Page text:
In May 2018 the issue hit the headlines again, with US airlines being asked to correctly label Chinese territories. More than half of the room, when polled, are dealing with China-Taiwan-Tibet sovereignty as a business and communications issue. This is going to be a permanent and tricky issue, said Charles Lankester, EVP of Global Reputation and Risk Management at Ruder Finn. “Going with the term ‘market’, instead of ‘country’, is my unofficial advice,” he said. “It doesn’t offend anybody.”

That said, huge social media firestorms sometimes result in little business impact, as with what happened with United Airlines and Doctor Dao. “Just take a moment before thinking that any social media noise is a permanent crisis.” Still, a defensive strategy to prevent any geopolitics-related disasters is the way to go, as Flight Centre did, by tweaking things on their websites to reflect China’s naming preferences. 

"When the rubber hits the road, can a brand do a better job than saying sorry? KFC apologised for its UK chicken shortage in the most spectacular way," recalled Lankester. How? “With ’FCK’, a naughty word, but it was exactly what they wanted to say to their stakeholders in a self-deprecating way, which was pretty funny. This is a dangerous quote, but you can weaponise an apology”. 

Blueprinting the future of PR
Posted at 10:45 by Matthew Miller

Kiri Sinclair, CEO and founder of Sinclair (above left), and Annouchka Behrmann, head of brand, APAC, at Edelman, held a back and forth discussion about what PR does right, what it needs to do better, and what it should look like in the future.

1. Understand and value PR's core purpose:

Sinclair said that while technology, media channels and required skills change, PR agencies have proven flexible and adaptable and should not forget their core value. "We are doing what we've always done, we are engaging our publics," she said, adding that this central purpose has immense value for clients.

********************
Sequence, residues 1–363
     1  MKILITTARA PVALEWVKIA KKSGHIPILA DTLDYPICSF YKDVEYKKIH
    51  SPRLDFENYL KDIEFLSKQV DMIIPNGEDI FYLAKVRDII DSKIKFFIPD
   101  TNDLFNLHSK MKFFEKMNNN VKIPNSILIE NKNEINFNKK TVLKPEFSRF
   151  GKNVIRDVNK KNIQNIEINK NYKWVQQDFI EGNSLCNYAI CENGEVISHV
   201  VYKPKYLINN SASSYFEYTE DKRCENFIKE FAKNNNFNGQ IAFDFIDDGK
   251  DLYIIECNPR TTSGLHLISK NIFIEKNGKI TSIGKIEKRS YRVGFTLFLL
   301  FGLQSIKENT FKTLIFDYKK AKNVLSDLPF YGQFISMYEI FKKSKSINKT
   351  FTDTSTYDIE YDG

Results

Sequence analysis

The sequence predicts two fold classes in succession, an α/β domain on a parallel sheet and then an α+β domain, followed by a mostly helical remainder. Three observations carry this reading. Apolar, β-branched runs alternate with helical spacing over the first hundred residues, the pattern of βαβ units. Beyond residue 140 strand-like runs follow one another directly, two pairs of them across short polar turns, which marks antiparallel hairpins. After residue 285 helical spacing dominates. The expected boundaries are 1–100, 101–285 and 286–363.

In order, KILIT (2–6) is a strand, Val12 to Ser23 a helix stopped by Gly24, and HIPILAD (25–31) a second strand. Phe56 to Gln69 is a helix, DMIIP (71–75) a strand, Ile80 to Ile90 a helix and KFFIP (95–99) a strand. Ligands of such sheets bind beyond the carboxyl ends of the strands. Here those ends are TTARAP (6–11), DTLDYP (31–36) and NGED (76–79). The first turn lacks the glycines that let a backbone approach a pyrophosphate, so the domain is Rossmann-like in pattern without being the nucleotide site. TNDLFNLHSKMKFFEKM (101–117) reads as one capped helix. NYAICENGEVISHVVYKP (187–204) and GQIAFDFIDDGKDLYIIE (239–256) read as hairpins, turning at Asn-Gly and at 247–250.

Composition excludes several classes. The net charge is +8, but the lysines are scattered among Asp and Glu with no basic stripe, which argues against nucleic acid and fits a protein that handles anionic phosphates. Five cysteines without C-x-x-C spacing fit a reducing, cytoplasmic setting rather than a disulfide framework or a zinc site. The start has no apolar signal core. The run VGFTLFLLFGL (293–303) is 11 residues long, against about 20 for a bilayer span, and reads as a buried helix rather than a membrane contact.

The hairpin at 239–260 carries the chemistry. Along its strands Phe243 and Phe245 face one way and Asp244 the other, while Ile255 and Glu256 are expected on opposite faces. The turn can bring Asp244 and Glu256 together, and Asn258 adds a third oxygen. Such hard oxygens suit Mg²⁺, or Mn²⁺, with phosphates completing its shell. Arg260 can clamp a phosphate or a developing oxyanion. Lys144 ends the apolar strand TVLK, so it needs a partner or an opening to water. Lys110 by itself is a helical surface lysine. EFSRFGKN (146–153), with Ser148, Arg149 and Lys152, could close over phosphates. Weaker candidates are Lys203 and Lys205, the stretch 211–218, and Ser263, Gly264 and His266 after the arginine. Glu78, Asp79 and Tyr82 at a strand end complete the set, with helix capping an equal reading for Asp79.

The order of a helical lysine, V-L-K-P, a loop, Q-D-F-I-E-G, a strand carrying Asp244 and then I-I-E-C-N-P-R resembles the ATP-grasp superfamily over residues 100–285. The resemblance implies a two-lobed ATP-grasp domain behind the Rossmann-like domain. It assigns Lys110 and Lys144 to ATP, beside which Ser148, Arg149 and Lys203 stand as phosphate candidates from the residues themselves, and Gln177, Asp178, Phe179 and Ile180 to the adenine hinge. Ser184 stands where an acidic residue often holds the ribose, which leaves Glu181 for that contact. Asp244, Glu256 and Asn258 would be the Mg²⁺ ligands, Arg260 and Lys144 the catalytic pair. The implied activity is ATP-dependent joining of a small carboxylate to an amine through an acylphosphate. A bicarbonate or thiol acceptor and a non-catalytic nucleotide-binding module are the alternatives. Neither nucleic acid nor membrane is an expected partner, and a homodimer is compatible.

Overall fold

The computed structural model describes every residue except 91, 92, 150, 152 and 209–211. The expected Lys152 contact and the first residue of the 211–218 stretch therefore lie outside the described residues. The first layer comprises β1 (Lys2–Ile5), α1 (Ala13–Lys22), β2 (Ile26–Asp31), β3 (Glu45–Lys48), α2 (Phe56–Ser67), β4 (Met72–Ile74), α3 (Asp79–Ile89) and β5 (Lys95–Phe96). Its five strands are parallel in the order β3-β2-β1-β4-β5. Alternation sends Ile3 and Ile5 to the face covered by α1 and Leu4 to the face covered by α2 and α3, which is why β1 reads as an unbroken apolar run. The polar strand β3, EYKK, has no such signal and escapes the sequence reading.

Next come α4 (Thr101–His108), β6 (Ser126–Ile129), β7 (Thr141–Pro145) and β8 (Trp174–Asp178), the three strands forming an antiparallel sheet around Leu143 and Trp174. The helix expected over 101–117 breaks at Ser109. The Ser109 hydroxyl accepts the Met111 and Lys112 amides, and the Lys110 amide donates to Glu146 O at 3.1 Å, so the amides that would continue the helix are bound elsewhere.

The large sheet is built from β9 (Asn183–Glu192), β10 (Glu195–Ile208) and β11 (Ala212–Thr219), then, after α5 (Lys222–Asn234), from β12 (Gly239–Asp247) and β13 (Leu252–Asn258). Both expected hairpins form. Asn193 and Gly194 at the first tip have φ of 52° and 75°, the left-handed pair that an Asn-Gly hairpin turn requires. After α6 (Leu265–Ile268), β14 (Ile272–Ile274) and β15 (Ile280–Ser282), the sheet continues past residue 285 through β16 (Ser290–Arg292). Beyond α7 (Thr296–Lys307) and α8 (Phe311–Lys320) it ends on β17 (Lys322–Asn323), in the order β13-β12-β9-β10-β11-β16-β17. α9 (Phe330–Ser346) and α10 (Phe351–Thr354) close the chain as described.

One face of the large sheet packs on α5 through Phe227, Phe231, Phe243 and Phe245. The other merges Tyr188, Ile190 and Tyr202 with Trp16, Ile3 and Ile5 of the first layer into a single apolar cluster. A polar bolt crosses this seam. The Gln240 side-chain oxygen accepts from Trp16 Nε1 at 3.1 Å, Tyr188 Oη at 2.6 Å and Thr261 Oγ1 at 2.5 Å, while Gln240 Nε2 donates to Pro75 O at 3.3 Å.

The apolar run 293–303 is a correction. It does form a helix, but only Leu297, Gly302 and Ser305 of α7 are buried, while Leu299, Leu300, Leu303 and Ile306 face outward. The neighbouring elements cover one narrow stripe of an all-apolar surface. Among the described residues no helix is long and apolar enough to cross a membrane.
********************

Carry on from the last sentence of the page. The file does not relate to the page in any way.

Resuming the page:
But does the industry value itself highly enough? "Are we understanding our own value?" she continued. "Are we explaining what our own value is? If we continue to use a completely different industry, advertising, as the framework that we use to evaluate our value, we're not going to get very far."

When clients call for simple executional help, such as "doing a press release", it's critical to try to expand those conversations to the strategic level, Behrmann said.

"We're never going to be able to deliver proper value from business communication until we can get to the bottom of what the business challenge is and address it," she added.

2. Add more rigour:

Edelman is investing across the board, in all kinds of specialists, Behrmann said. "This is incredibly important because we need to add more rigour if we are going to be taken seriously as an industry and by our clients."

Sinclair agreed. "The absolute change is going to come in the form of measurement," she said, adding that it should be built into all budgets at a level of at least 10%.

3. Scrap AVEs:

"I really want the region to scrap AVEs (advertising value equivalents) as a measure of PR success," Sinclair said. If you asked an ad agency to justify their work, they wouldn't tell you how much they spent, they would quantify the success with real measures, she said. "I'm a fully paid up member of AMEC, and I believe strongly in the AMEC framework," she said, adding that she spends a lot of time explaining why AVEs are not a relevant way of measuring what PR does, and never were.

"The term PR is redundant"
Posted at 09:45 by Olivia Parker